Bariatric surgery associated with long-term improvements in pain, physical function and work productivity

Improvements in pain, physical function, and work productivity largely last for at least seven years after bariatric surgery, despite some setback from the high levels of improvement seen in the years immediately following surgery , report today epidemiologists at the University of Pittsburgh in JAMA network open.

The results – which show that the improvements persist even as participants age over the course of the study – may help inform doctors, health insurance providers and patients, many of whom undergo surgery to relieve joint pain. and improve mobility.

Adults with severe obesity are much more likely to experience significant joint pain and limitations to their physical abilities. Obesity leads to an earlier need for knee and hip replacement. However, adults with severe obesity may be denied joint surgery until they lose weight. And, if physical limitations and pain interfere with work performance, weight loss may be necessary to maintain employment.”

Wendy C. King, Ph.D., Associate Professor of Epidemiology, Pitt’s School of Public Health

For seven years, King and his colleagues followed 1,491 adults who, between 2006 and 2009, underwent either Roux-en-Y gastric bypass or sleeve gastrectomy, the two most common and effective surgical treatments. against severe obesity. At the time of surgery, study participants had a median age of 47 years and 80% were female.

Participants were enrolled in the National Institutes of Health-funded Longitudinal Assessment of Bariatric Surgery-2 (LABS-2), a prospective cohort study of US patients undergoing weight loss surgery.

The new research builds on a previous study by King and colleagues who found that within three years of bariatric surgery, 50-70% of study participants reported clinically important improvements in pain levels, physical function and usual walking speed.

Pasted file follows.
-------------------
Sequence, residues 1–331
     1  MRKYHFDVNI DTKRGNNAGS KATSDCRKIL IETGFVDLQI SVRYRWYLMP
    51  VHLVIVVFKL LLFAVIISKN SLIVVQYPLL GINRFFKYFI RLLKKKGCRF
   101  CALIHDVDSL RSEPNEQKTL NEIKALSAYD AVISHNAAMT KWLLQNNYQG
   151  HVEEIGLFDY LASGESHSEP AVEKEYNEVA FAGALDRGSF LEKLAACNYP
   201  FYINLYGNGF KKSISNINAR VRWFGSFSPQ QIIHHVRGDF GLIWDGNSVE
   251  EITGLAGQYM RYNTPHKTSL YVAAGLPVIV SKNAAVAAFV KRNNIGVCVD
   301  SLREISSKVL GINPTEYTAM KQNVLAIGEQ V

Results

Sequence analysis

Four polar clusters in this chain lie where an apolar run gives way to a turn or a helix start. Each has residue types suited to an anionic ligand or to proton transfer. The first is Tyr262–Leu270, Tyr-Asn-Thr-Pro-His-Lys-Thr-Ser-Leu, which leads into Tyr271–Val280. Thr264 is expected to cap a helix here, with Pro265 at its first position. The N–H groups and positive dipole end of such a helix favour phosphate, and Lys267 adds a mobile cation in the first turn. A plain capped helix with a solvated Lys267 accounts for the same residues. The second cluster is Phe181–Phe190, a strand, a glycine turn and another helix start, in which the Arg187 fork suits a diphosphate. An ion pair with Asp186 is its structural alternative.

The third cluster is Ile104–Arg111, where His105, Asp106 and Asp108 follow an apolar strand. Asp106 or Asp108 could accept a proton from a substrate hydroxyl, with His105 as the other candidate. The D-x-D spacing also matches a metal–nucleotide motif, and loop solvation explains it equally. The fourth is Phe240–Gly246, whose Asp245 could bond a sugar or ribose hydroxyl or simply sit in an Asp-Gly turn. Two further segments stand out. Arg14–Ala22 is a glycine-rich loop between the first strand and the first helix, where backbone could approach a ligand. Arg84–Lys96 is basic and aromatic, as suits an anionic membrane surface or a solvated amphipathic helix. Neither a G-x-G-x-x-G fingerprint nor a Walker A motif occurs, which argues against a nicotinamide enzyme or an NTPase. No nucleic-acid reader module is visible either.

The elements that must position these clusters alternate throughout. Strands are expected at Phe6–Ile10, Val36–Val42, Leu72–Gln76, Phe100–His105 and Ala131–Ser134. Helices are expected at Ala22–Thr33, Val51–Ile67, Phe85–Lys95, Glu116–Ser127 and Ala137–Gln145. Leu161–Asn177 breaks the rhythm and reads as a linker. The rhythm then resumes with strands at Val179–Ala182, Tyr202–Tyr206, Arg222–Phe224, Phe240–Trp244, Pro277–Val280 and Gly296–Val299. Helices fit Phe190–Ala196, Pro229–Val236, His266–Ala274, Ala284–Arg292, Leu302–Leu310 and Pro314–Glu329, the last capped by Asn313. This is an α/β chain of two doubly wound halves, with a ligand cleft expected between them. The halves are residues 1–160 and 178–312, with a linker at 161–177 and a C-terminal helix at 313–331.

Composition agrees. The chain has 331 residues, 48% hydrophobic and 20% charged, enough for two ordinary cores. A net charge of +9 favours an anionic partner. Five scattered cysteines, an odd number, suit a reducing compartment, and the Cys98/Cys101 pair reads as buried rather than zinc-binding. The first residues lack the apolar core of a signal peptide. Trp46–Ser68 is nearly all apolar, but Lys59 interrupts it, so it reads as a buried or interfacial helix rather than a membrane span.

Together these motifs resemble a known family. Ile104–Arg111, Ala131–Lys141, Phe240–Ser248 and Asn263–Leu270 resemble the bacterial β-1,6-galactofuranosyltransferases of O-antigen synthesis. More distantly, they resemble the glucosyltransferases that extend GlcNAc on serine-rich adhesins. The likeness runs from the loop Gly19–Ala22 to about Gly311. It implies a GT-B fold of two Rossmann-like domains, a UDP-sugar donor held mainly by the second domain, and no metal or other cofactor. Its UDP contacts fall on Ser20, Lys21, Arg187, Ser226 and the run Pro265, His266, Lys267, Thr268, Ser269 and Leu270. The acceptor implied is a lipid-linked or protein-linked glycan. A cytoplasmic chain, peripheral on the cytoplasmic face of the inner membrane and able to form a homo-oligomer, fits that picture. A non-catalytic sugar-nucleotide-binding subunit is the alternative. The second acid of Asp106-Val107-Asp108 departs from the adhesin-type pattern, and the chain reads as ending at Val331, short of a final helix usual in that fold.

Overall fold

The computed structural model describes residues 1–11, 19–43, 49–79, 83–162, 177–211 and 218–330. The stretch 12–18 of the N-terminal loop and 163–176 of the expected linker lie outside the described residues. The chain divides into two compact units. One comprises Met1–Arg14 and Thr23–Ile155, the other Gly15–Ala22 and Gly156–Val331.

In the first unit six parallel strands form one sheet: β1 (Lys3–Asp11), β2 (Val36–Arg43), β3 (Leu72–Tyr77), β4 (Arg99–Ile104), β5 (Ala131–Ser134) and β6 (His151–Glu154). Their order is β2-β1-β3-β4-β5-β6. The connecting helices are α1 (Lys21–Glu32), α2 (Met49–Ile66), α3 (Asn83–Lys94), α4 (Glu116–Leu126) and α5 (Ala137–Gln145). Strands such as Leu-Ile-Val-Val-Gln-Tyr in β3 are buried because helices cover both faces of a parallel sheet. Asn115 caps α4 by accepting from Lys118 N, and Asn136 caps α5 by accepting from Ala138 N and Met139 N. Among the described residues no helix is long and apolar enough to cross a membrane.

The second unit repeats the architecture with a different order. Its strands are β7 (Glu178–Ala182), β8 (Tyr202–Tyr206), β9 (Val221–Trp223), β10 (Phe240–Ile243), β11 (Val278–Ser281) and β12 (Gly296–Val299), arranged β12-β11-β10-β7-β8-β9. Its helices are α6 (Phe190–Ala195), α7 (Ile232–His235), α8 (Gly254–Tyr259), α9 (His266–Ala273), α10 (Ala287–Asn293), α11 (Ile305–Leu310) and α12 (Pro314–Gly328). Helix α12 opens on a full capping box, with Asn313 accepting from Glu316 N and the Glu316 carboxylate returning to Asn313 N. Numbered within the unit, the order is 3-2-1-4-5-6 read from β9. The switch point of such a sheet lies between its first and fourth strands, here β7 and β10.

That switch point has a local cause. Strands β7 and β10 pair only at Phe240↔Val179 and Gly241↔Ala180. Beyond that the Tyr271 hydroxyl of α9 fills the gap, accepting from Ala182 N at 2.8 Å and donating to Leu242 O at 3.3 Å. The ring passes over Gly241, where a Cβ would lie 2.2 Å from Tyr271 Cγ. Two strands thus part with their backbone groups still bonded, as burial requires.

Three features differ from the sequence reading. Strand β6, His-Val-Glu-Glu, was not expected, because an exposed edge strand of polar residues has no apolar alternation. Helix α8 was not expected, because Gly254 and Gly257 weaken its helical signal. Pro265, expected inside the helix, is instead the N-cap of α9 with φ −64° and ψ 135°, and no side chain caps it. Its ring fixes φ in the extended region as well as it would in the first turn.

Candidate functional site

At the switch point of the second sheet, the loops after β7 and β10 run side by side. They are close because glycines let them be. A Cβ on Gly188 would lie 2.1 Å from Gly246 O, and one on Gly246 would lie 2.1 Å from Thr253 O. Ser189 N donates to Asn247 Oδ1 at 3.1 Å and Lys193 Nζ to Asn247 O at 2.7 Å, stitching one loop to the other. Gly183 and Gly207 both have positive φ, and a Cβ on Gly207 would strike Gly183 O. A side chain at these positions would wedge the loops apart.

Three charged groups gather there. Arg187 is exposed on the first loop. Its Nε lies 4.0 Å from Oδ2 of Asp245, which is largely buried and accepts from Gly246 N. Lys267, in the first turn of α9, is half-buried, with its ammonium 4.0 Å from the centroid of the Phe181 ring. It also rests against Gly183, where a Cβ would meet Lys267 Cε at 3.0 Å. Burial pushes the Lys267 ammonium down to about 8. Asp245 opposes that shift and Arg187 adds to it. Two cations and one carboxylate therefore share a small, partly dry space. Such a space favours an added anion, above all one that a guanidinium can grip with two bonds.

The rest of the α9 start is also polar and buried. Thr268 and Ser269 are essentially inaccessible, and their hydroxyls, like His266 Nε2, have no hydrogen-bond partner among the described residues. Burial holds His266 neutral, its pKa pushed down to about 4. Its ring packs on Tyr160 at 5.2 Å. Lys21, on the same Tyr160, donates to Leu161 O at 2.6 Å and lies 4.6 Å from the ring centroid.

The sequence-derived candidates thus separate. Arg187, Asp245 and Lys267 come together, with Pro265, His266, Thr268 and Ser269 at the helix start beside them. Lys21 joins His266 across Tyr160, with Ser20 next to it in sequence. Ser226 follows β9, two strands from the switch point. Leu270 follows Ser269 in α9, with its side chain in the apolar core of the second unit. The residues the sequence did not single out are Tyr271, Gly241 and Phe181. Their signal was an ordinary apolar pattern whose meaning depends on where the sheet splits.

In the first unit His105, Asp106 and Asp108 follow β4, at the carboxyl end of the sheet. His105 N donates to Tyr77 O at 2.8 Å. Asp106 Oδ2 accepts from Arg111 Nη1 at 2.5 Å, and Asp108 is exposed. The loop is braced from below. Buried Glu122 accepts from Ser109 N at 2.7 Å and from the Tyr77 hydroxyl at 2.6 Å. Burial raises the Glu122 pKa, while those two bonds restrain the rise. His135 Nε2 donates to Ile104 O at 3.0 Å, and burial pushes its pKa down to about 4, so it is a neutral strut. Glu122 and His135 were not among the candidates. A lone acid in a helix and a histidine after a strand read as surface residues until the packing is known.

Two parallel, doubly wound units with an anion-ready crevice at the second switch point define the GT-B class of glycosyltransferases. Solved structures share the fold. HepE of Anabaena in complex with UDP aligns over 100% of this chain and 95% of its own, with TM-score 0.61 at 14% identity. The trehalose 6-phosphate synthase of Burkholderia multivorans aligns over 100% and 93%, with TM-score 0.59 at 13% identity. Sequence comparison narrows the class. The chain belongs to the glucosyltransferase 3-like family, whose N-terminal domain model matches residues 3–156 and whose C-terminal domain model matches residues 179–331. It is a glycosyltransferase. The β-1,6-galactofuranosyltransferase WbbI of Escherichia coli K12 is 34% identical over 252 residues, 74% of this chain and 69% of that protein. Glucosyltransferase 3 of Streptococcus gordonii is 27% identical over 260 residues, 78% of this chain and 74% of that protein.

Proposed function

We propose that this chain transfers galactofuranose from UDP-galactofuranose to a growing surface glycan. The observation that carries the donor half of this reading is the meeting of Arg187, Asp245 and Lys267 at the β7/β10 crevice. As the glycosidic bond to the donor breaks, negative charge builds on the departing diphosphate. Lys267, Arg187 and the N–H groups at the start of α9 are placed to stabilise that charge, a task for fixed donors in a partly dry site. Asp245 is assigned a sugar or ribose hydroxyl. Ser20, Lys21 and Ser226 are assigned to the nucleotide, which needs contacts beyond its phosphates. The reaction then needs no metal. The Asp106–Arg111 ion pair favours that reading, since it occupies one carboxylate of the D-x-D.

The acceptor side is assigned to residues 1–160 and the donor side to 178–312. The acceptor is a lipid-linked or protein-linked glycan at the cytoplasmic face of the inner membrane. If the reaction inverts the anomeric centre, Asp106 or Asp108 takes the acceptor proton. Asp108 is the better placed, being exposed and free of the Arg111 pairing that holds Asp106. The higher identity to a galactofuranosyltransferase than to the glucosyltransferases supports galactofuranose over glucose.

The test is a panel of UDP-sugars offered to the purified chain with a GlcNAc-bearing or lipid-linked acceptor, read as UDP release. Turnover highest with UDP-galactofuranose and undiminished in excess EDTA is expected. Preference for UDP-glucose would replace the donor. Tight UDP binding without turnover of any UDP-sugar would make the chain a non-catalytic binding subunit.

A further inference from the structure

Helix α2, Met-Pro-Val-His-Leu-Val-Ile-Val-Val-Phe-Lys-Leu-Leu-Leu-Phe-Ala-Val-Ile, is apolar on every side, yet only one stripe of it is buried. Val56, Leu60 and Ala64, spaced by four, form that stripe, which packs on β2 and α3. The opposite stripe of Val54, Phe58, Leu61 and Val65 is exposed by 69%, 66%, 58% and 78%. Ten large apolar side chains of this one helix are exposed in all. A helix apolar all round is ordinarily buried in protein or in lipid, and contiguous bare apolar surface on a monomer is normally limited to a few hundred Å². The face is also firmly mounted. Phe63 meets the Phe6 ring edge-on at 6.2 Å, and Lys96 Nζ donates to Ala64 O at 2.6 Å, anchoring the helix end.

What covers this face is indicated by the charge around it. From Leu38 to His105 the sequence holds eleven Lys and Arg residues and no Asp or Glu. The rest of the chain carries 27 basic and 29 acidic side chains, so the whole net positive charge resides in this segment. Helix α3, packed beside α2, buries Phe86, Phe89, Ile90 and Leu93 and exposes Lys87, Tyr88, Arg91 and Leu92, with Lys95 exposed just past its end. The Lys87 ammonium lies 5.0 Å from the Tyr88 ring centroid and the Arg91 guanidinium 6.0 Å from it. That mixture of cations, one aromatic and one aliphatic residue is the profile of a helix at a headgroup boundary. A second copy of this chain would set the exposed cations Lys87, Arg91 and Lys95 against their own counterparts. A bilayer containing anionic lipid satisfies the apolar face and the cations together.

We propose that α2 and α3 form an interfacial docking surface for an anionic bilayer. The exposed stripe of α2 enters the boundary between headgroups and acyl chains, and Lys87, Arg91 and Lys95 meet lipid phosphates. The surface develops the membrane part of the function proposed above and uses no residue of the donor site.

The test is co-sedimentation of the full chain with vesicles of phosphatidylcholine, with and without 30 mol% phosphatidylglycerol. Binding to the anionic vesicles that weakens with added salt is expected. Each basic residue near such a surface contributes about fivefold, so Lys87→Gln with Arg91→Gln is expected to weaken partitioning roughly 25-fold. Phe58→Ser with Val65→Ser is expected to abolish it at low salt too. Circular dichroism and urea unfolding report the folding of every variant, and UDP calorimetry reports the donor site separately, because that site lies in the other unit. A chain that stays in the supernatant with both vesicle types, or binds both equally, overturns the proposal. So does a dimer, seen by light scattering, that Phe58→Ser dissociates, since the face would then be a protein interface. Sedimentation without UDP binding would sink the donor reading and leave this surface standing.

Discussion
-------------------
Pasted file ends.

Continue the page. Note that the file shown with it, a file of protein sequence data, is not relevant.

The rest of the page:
“At the time, this research provided the largest and longest-running assessment of changes in pain and physical function after modern bariatric procedures,” King said. “Our new study more than doubles that time, giving patients and doctors a better understanding of the likelihood that bariatric surgery will yield lasting results.”

In their updated analysis, the researchers found that at seven years postoperatively, 43% of participants had clinically significant improvements in pain, 64% in physical function and 50% in 400-meter walking time. , all down 7 to 11 percentage points. of the three-year evaluation.

Among participants with symptoms indicative of osteoarthritis before undergoing bariatric surgery, seven years after surgery, 65% reported improvement in hip pain, while 72% reported improvement in knee function, versus 77% three years after surgery.

The small to moderate decreases in pain and improvements in physical function are not surprising, given that the participants also aged during the study to a median of 54 years, King said. Previous research shows that some aspects of physical function, such as balance and strength, begin to decline when people reach their 50s, and others, such as walking speed and aerobic endurance, typically decline. during the sixth decade of life.

“On average, participants experienced sustained improvements in walking speed, fitness, and nearly all measures of pain,” King said.

Additionally, participants reported that pain and health status interfered less with their ability to work post-surgery, with 43% of participants reporting work difficulties due to their condition seven years after surgery. operation, compared to 63% before the operation.

“Combined, our study provides great news about the lasting effects of bariatric surgery,” King said. “But clinicians should view patients as individuals and consider their full medical history, goals, and motivations for weight loss when providing preoperative counseling about potential outcomes.”

The other authors of this research are Amanda S. Hinerman, Ph.D., and Gretchen E. White, Ph.D., both of Pitt.

No funding was provided for this specific analysis, but LABS-2 was funded through a cooperative agreement by the National Institute of Diabetes and Digestive and Kidney Diseases.


Journal reference:

King, WC, et al. (2022) A 7-year study of the durability of improvements in pain, physical function, and work productivity after Roux-en-Y gastric bypass surgery and sleeve gastrectomy. JAMA network open.

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